unloading, the yield stress level q y along the respective fixed stress path becomes larger when

compared the value under otherwise the same conditions, and vice versa. The effects of such a

strain rate change as above on the yield stress increases with the increase in the difference between

the strain rates before unloading and during reloading.

In the third test (Fig. 4), along the stress paths 8-10 and 18-20, a creep test was performed for

five hours at the maximum stress points before unloading, while reloading was made at the same

strain rate and confining pressure as those before unloading. It may be seen that by creep loading at

the maximum stress state immediately before unloading, the yield stress q y becomes larger when

compared the value under otherwise the same conditions.

The results shown above indicate that and the yield deviator stress q y is not unique when the

stress path during the previous loading history is the same, unlike what the classical elasto-plastic

theory predicts, but their relative magnitude is affected by viscous effects during the strain history

until and at the yielding point. It is necessary therefore to account for the viscous effects when

accurately predicting the yielding characteristics of sand.

It may also be seen from Figs. 3b and 4b that after the shear yield point has been passed during

reloading, the stress value somehow overshoots the original primary stress-strain relation that

would have been obtained if an unload/reload scheme had not been applied. This fact shows that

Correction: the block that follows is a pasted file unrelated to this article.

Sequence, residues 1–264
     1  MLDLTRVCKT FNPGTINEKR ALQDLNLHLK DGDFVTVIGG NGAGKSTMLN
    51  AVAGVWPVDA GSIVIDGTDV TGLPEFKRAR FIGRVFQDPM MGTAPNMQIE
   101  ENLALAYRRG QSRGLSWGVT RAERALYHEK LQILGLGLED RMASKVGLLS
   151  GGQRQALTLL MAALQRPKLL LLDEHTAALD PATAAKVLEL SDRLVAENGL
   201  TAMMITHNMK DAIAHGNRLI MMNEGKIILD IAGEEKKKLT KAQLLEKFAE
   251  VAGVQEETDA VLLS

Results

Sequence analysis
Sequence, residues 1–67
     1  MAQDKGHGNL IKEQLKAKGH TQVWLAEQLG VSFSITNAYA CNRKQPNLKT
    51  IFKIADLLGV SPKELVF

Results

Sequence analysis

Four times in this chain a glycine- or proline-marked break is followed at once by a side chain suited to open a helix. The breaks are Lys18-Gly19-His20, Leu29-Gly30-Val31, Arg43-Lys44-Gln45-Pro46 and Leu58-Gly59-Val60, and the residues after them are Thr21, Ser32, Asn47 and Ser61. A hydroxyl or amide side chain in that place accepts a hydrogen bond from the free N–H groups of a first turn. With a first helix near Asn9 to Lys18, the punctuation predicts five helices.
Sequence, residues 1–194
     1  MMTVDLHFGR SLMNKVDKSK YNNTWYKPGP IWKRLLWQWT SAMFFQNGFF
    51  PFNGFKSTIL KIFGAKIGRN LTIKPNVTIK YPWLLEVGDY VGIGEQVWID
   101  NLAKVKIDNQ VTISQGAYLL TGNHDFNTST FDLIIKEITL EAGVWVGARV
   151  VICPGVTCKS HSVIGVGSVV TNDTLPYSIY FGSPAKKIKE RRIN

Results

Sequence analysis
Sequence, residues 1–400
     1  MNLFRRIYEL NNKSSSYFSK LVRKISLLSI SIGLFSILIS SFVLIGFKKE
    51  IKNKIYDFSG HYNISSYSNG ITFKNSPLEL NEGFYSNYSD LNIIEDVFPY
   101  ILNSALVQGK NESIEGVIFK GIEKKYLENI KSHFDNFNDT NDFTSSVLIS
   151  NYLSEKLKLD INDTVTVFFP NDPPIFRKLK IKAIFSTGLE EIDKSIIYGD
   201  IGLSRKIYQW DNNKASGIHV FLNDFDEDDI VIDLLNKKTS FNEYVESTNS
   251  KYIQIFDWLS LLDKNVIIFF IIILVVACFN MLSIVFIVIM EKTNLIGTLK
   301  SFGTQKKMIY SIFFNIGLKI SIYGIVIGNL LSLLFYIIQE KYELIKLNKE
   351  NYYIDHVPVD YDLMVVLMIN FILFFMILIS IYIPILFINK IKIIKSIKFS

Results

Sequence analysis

the viscous effects decay with the increase in the (irreversible) strain (Di Benedetto et al. 2002:

Tatsuoka et al. 2002).

1400

1400

1000

Initial stress-state:

'v = 3 0 k P a

'h = 3 0 k P a

800

18

13

20

1200

24

15

10 14

8

16 17

19

21

22

600

Loading sequence

400

0

0

9

11 12

35

4

200

a)

23

1200

25

Test 1:

e0 = 0.696

6

1

200

1000

800

400

600

13

10

12 11

ir

7 6

4

21

22 21

19

1716

800

15

14

400

b)

24

18

600

Absolute value of v =

.

( v) 0 = 0 . 0 8 0 % / m i n u t e

25

20

'v = 3 0 k P a

'h = 3 0 k P a

200

23

Test 1:

e0 = 0.696

I r r e v e r s i b l e s h e a r s t r a i n , ir ( % )

2000

Test 2

e0 = 0 . 6 8 6

1400

2 123

1200

27

16

1000

18

26

28

22

24

25

1 11 3 1 7

20

19

12

6 8 14 15

800

600

7

9

10

400

3

4

200

1

Test 2

e0 = 0.686

30

400

600

800

1000

23

21

2 8 27

22

25 24

18

1000

16

1 1 13

6

17

20 19

1 5 14

8

12

500

7 10 9

3

30

5 4

.

0 = 0.080 %/minute

200

26

1500

: . v = 0

1 6 0 0 7 - 8 , 1 0 - 1 1 , 1 7 - 1 8 a n d 2 0 - 2 1 : v = 12.5 0

29

29

a)

2000

5 - 6 , 1 2 - 1 3 , 1 5 - 1 6 a n d 2 2 - 2 3 : v = ( 1 / 1 0 ). 0

12

b)

1200

Irr.shear strain,

ir

(%)

Fig. 3 a) Stress path; and b) relationships between q and for loading at different strain rates.

ir

1600

28

Test 3

e0 = 0.700

1000

Creep 1

(5 hours)

800

18 2 0

19

1315

21

1 0 14

8

16 17

24

26

27

22

9

11 12

400

Creep 2

(5 hours)

1000

Creep 1

(5 hours)

800

600

30

25

23

1200

600

15

13

14

29

24

2 0 27 2 6

18

19

22 21

16

17

10

8

9

12 11

400

3 5

6

1

0

0

200

.

0 = 0.080 %/minute

200

200

a)

23 25

Creep 2

(5 hours)

1200

28

Test 3

e0 = 0.700

1400

29

Deviatoric stress, q

1400

1600

30

400

600

800

4 76

12

b)

1000

5

ir

= v

6

ir

ir

- h ( % )

Fig. 4 a) Stress path; and b) relationships between q and for loading with creep.

ir

In addition to those described in Figs. 2, 3 and 4, four other tests were performed to define the